Chief operating officer John Fairhurst took home £356,841 and at least 16 others had packages bigger than Theresa May’s salary. Both senior officials have since left the group. The organisation did not respond to requests for comment.
Many more charity fat cats are also profiting from the poverty industry. They include Simon Cooke, British boss of Marie Stopes International, which has been given £46.3 million by DFID towards family planning around the planet.
Mr Cooke was paid £420,755 in 2015, with a bonus of £251,831 dwarfing his £168,924 basic salary. The previous year he earned almost £500,000, according to US tax data.
The outfit has 22 staff with basic salaries in six figures – more than double the number five years ago.
A spokesman said that they were a global organisation employing more than 13,000 people and provided contraception and safe abortion services across 37 countries. Pay levels were set to ensure they had ‘the best leadership to deliver against ambitious targets’.
International Planned Parenthood Federation, another family planning outfit part based in London, was given £25.8 million in 2013 under PPA. It handed director Carmen Barroso £344,396 last year, according to US tax data – a rise of £54,009 in just five years.
The group’s annual accounts list at least 14 more staff paid basic salaries in excess of £100,000. It also lets its most senior officials take business-class flights and even more junior staff can use premium-plus on longer trips. A spokesman said the salaries revealed by Form 990s related to the US division, which did not receive unrestricted cash from Britain. He added that all salaries were within market medians for similarly-sized organisations.
Three years ago, US-based Asia Foundation was given £7.3 million by DFID to aid economic development in 18 countries across the continent. It also received donations from the Foreign Office and through British embassies.
David Arnold, the group’s president, collects an annual pay package worth £387,156, according to the organisation’s most recent tax data. Nine more executives were paid more than our Prime Minister, including vice-president Nancy Yuan, who saw her salary package soar from £151,533 to £196,044 in just five years. Pay and benefits were based upon market rates and survey data, said a spokeswoman.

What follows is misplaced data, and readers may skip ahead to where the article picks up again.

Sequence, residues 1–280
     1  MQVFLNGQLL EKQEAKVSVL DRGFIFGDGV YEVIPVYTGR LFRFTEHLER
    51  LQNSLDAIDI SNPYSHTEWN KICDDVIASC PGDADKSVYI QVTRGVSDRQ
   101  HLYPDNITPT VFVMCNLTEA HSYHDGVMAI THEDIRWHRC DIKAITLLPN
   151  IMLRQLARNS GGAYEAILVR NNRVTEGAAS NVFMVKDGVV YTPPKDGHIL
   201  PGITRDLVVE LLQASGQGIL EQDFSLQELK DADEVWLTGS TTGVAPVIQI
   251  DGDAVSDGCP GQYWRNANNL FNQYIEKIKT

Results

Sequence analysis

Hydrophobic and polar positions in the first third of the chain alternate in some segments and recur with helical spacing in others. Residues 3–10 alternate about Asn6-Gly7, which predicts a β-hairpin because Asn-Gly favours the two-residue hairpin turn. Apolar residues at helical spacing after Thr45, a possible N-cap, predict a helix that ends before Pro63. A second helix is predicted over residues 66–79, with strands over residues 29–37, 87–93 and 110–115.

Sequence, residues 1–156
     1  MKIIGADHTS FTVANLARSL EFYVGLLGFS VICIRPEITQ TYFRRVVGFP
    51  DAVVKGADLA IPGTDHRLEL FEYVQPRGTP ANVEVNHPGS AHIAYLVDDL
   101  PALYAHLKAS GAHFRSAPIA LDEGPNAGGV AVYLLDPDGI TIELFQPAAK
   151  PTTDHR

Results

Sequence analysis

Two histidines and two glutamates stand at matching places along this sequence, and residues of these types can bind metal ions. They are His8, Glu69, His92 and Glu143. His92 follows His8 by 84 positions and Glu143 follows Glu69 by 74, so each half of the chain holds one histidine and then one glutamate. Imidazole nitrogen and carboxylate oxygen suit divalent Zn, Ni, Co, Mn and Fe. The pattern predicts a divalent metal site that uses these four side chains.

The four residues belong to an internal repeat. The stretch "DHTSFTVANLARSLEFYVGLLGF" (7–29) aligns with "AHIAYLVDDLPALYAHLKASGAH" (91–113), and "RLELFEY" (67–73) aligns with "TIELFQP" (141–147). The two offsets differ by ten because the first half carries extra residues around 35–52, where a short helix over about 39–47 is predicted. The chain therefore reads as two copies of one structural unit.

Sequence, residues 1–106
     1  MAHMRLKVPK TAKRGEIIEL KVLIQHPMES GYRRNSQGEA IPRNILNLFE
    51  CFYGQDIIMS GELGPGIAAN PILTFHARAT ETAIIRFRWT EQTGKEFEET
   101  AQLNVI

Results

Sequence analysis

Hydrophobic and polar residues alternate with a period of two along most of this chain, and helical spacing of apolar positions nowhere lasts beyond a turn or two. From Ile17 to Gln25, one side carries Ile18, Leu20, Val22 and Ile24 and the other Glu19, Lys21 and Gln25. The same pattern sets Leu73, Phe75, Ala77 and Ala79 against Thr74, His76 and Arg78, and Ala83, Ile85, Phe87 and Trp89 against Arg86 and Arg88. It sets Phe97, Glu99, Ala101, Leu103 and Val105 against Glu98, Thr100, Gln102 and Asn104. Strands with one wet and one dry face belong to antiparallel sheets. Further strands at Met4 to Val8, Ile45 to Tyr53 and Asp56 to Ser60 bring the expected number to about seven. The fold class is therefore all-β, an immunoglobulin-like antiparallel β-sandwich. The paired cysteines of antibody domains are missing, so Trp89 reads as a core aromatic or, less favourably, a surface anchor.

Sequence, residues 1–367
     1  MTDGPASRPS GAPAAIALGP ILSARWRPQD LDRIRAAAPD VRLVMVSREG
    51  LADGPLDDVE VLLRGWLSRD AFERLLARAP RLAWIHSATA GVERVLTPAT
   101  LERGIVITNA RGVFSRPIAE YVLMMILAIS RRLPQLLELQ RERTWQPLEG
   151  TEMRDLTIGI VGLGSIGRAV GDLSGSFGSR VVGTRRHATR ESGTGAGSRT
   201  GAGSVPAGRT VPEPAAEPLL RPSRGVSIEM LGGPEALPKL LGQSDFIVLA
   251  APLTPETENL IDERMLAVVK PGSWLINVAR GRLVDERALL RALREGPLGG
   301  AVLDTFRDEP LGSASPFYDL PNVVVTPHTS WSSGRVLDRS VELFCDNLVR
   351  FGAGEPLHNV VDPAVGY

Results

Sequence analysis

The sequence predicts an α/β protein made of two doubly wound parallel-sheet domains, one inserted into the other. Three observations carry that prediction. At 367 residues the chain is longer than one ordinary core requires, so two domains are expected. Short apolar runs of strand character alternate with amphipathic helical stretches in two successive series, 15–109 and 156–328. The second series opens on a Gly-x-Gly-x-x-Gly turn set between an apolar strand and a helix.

Many charities drove up pay fuelled by the aid boom. Typical is the Malaria Consortium, given more than £8 million by DFID to fight the disease, which had no staff earning six-figure salaries three years ago.
Its latest accounts revealed four breaking through this threshold, including one official now taking home more than £170,000.
‘We always seek to ensure best value and greatest effectiveness in our work,’ said a spokesman.
Another beneficiary is Save The Children, given British aid contracts worth £104 million. It hands former Danish prime minister Helle Thorning-Schmidt – who is married to Labour MP Stephen Kinnock and was appointed head of its international branch, based in London, earlier this year – a pay and pension package worth £246,750.
The charity’s accounts show 114 staff receiving more than $120,000 (£96,150), an almost fivefold increase since 2011. But a spokesman said this was due to currency fluctuations and housing allowances, with only 46 staff on salaries above £76,364.
He said they were a £2 billion organisation, with 25,000 staff and that many senior staff took pay cuts to join them, adding: ‘We’re convinced there’s a direct relationship between having the best staff and having the most impact in the large, complex operations we manage.’
DFID said it aims to deliver value for money through greater scrutiny and transparency. ‘It’s vital those seeking to help the poorest strive to become more accountable to the public so people can be assured money is going to help those less fortunate,’ said a spokeswoman.